Bat Yam

„Tel Avive vaikštinėju Bat Yam
rajone – vien rusiškai šnekantys ir skurdas, bet tvarkinga daugmaž" - tokią žinutę gavau.

- Хотите не из меню - шашлык из свинины:)

Bat Yam was established in 1926 as Bayit VeGan (Hebrewבית וגן‎; House and Garden). During the 1929 Palestine riots, the town was attacked by Palestinian fighters from Jaffa and was evacuated by British Authorities.[citation needed]. In 1930, it was re-settled. In 1936, it was granted local council status. In 1937 it was renamed Bat Yam.[3] By 1945, 2,000 Jews were living in Bat Yam.[4] According to the Jewish National Fund, in 1947 it had a population of 4,000.[5]
Following the United Nations vote in favour of a partition plan on November 29, 1947 and the subsequent civil war, inhabitants of both Bat Yam and Jaffa reported violent incidents, including sniping.[5][6] On May 13, 1948, Jaffa surrendered to Jewish forces.
In the years following Israel's creation, Bat Yam grew dramatically due to mass immigration and gained city status in 1958. A small Hasidicenclave of Bobover Hasidim, known as Kiryat Bobov, was established in 1959. The city later gained a sizeable community of Jews from Turkey. Bat Yam again experienced a period of rapid growth in the early 1980s to the late 1990s with the mass immigration of Jews from the former Soviet Union and Ethiopia. There is also a small Arab community (0.4% as per 2012) in Bat Yam, both Muslim and Christian, many of whom relocated from Jaffa. The vast majority of Vietnamese-Israelis or Vietnamese people of Israeli origin, live in Bat Yam.[7]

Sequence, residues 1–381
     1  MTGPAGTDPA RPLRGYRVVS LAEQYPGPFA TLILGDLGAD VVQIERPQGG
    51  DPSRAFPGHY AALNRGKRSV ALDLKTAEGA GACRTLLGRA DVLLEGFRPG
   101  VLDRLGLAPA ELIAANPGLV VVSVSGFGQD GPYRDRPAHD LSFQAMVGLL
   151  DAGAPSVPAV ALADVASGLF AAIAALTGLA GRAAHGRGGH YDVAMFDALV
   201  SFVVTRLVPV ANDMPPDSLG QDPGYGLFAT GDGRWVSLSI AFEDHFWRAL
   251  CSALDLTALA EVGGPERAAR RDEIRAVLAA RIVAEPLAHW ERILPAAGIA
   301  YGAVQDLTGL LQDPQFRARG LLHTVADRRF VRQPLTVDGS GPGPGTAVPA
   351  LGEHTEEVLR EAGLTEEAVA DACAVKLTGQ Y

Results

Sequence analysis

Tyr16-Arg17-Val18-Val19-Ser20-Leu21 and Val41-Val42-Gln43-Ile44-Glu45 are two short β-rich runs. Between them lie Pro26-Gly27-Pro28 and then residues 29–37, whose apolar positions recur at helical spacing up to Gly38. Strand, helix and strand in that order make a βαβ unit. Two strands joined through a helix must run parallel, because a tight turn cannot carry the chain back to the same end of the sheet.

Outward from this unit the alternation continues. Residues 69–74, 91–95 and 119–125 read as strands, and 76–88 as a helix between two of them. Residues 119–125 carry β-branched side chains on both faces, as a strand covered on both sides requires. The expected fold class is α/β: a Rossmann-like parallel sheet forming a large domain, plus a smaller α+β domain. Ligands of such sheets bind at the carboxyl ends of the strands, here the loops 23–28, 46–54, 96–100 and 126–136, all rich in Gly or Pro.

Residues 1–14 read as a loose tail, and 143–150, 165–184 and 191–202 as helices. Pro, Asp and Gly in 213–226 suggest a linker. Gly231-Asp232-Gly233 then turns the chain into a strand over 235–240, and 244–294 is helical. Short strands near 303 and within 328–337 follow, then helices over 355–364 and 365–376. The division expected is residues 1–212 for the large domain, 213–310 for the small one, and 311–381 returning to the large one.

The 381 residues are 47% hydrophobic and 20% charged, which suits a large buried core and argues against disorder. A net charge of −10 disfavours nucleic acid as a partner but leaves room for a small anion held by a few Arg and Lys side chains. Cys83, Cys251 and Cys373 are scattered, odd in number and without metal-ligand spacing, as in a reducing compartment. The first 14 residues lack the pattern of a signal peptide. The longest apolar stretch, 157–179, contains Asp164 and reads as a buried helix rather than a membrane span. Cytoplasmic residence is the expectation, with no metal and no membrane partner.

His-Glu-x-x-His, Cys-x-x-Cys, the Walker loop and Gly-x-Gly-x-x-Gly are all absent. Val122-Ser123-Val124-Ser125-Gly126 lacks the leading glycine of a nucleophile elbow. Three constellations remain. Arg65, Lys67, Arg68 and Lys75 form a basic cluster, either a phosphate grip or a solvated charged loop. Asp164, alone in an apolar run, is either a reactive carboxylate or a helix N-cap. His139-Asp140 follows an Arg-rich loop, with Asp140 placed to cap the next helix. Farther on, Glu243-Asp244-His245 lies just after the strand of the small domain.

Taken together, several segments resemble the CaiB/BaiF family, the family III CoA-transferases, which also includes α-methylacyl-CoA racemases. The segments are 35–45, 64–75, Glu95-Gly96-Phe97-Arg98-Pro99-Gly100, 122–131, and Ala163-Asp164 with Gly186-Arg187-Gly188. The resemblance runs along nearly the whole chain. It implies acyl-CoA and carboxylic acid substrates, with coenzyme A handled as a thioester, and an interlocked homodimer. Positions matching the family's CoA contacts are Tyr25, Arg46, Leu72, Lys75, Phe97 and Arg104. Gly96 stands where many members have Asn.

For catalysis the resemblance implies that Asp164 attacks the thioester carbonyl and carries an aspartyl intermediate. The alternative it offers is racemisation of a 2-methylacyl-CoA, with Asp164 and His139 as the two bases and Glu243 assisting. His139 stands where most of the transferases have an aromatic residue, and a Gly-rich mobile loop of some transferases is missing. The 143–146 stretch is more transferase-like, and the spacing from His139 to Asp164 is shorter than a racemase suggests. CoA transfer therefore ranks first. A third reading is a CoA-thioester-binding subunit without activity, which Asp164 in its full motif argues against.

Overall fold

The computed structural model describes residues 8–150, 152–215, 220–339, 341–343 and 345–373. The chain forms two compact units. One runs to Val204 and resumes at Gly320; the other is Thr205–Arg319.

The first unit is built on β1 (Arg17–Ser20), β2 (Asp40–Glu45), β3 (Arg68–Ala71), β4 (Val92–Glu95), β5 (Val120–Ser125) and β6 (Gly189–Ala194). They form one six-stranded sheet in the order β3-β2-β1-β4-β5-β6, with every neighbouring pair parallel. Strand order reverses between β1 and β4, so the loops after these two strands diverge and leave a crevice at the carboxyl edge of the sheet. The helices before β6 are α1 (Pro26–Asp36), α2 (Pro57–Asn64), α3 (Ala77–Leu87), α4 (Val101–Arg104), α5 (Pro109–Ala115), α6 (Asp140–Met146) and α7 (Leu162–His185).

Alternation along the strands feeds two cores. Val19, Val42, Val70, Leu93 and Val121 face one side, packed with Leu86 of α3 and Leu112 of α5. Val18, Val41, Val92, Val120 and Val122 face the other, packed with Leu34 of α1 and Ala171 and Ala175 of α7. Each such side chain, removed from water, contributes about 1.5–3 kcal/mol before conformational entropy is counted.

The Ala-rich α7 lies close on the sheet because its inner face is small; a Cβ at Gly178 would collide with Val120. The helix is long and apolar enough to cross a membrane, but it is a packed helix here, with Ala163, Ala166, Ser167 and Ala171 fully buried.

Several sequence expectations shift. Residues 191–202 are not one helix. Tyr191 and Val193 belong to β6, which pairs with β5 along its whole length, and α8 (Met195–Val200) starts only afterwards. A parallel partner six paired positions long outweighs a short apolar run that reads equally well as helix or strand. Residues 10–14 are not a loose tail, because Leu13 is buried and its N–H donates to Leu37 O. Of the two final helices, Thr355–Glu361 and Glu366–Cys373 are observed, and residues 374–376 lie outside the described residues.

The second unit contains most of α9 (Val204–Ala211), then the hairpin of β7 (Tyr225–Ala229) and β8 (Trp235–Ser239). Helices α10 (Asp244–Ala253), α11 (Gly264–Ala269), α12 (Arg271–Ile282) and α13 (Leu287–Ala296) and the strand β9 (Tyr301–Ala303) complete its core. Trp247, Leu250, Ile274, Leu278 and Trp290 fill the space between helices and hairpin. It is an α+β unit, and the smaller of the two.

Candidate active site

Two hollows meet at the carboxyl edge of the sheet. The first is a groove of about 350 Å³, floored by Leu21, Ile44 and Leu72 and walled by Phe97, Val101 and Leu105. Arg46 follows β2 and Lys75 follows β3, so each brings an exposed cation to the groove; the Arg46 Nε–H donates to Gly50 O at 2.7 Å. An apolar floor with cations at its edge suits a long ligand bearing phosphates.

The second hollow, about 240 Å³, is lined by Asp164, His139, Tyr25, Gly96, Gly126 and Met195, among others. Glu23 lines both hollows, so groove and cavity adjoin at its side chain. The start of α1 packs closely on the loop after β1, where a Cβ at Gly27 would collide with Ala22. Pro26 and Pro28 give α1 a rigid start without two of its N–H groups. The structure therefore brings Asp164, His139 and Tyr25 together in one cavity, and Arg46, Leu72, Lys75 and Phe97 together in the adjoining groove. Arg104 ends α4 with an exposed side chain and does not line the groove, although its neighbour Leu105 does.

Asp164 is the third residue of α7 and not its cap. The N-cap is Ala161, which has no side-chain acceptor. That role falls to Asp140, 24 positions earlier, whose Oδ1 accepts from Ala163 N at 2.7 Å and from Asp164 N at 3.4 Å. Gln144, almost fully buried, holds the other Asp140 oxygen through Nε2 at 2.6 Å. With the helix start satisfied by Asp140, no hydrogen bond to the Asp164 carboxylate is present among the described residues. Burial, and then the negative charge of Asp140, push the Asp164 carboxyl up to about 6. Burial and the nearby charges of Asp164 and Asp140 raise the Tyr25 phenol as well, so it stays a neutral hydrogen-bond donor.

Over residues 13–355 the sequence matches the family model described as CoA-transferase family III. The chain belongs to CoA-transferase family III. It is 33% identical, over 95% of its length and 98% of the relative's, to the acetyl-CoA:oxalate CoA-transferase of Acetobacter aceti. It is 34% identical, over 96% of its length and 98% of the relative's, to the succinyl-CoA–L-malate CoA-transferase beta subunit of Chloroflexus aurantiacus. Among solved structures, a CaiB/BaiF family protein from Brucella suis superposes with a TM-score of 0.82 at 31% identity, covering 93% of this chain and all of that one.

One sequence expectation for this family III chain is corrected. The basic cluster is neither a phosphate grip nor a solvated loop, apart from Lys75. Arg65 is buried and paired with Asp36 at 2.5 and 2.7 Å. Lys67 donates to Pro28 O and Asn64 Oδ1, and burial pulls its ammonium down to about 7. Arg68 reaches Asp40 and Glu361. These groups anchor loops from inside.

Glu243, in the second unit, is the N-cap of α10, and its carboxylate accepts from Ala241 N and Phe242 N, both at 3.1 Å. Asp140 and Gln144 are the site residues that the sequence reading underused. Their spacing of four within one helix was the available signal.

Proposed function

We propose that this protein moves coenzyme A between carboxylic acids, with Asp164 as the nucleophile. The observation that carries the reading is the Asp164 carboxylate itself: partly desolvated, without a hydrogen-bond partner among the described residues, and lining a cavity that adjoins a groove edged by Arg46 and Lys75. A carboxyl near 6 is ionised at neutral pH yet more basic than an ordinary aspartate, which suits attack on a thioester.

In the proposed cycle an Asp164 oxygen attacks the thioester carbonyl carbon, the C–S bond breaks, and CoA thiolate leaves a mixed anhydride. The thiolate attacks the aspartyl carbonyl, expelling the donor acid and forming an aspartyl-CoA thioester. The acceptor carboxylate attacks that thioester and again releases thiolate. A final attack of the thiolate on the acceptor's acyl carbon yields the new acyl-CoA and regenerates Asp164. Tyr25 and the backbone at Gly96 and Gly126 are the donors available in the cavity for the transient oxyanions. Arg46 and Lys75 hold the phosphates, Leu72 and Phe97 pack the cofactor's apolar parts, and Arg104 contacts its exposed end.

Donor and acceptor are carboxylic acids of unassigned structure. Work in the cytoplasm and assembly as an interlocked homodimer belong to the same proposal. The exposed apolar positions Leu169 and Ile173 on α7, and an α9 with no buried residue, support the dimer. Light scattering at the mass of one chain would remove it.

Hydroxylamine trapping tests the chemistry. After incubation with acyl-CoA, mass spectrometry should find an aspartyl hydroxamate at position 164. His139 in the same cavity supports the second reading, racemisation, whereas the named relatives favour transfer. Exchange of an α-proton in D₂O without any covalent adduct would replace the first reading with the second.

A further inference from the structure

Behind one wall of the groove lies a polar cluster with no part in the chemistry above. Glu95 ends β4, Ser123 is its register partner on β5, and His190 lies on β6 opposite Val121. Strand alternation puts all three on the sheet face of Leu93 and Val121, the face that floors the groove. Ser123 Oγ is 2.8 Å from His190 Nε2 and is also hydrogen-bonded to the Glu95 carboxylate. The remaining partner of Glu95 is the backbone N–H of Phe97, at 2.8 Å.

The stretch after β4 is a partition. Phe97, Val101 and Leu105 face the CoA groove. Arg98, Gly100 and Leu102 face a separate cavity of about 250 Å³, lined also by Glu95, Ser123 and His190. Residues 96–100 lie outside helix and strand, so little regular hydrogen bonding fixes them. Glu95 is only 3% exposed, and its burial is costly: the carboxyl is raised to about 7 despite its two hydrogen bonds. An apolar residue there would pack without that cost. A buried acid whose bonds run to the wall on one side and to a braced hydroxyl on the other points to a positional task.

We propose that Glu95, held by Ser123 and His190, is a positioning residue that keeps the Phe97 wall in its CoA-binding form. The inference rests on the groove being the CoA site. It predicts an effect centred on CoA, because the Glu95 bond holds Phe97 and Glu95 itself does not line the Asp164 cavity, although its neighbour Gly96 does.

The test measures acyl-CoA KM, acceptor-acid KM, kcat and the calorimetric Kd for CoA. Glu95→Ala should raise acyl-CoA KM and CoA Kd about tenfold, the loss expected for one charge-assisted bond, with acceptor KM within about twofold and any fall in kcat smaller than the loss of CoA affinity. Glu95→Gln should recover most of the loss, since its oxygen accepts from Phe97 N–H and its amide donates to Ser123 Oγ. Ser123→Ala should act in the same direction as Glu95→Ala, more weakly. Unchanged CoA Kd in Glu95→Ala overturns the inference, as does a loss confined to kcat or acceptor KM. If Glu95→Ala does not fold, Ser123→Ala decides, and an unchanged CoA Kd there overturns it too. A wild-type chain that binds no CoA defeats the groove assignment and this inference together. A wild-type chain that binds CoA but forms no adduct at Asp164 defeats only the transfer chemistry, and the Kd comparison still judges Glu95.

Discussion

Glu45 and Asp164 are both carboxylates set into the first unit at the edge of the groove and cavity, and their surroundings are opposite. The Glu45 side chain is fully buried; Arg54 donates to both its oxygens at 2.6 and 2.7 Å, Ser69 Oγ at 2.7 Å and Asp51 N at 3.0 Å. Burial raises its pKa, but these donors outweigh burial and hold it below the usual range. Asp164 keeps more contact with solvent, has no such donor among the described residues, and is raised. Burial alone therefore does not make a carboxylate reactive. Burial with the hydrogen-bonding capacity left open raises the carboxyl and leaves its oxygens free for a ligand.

Bat Yam is expected to eventually lose its status as an independent municipality and become a part of neighboring Tel Aviv. The Israeli Interior Ministry aims to incorporate the city into Tel Aviv in 2023.[8]
Bat Yam rentals, vacation homes direct from the owners

Komentarų nėra: